<Button colorScheme='teal' variant='outline' onClick={queryPassport}>Query Passport</Button>

You can browse the contents of tab-contents.tsx to see how the stamp and score data is used to render content. Conceptually, this is what's happening in each tab:

  • Home: a general introduction that renders identically for any user
  • About onchain Stamps: Information about onchain Stamps that renders identically for any user
  • Are your Stamps onchain?: If the user has onchain Stamps, has connected their wallet and queried their Passport, the app will render a congratulatory message and confirm that they have onchain Stamps. If the user has not queried their Passport or they don't have any onchain Stamps they see some sad emojis and a message informing them that they have either forgotten to connect or they don't have any onchain Stamps. They are directed to the Passport app to migrate their Stamps.
  • Browse your Stamps: If the user has onchain Stamps, has connected their wallet and queried their Passport, the app will render each Stamp in the browser. If the user has not queried their Passport or they don't have any onchain Stamps they see some sad emojis and a message informing them that they have either forgotten to connect or they don't have any onchain Stamps. They are directed to the Passport app to migrate their Stamps.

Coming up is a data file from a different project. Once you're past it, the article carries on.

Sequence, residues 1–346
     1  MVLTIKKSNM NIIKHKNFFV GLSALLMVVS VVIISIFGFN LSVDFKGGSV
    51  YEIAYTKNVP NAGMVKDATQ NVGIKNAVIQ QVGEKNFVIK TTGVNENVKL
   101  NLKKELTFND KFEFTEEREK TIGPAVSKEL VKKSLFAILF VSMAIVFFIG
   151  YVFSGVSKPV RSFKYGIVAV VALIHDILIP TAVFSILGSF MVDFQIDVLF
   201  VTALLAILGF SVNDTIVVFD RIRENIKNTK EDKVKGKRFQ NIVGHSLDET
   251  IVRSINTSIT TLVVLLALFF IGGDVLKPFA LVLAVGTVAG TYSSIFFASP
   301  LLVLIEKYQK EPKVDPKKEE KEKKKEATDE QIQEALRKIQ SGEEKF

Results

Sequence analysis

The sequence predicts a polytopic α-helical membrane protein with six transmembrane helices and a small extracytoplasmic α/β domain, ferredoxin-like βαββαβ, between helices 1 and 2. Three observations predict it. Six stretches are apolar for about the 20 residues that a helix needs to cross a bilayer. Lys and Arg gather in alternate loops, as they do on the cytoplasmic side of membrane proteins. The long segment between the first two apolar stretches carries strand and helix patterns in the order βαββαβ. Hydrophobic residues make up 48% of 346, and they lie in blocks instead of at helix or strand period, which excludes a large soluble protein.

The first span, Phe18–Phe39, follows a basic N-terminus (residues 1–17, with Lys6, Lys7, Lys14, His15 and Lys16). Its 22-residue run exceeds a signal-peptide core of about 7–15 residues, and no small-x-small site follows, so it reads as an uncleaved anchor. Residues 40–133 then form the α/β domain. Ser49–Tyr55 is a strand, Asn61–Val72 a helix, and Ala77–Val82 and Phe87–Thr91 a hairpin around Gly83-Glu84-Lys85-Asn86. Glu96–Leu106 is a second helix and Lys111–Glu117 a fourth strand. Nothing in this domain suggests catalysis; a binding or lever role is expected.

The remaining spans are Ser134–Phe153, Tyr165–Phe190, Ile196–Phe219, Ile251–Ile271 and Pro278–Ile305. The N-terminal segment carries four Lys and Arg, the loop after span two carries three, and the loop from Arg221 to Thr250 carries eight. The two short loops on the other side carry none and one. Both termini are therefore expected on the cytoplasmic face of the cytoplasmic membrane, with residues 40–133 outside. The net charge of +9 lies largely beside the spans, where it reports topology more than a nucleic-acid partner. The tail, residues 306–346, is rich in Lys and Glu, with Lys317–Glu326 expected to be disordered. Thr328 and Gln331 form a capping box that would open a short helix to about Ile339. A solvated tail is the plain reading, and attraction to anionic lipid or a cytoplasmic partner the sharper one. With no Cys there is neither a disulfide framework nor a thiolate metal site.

• See your score: If the user has onchain Stamps, has connected their wallet and queried their Passport, the app will render their Passport score. If the user has not queried their Passport or they don't have any onchain Stamps they see some sad emojis and a message informing them that they have either forgotten to connect or they don't have any onchain Stamps. They are directed to the Passport app to migrate their Stamps.

Run the app

Well done - your app is ready to use! You can run it locally using

npm run dev

You can navigate to localhost:3000 to try it out!

The app looks as follows:


Congratulations - you have built an app that retrieves user Stamp data from the blockchain, calculates a Passport score and uses that information to conditionally render content to your webpage.

Now you can use the principle demonstrated here to build creatively and integrate onchain Stamps into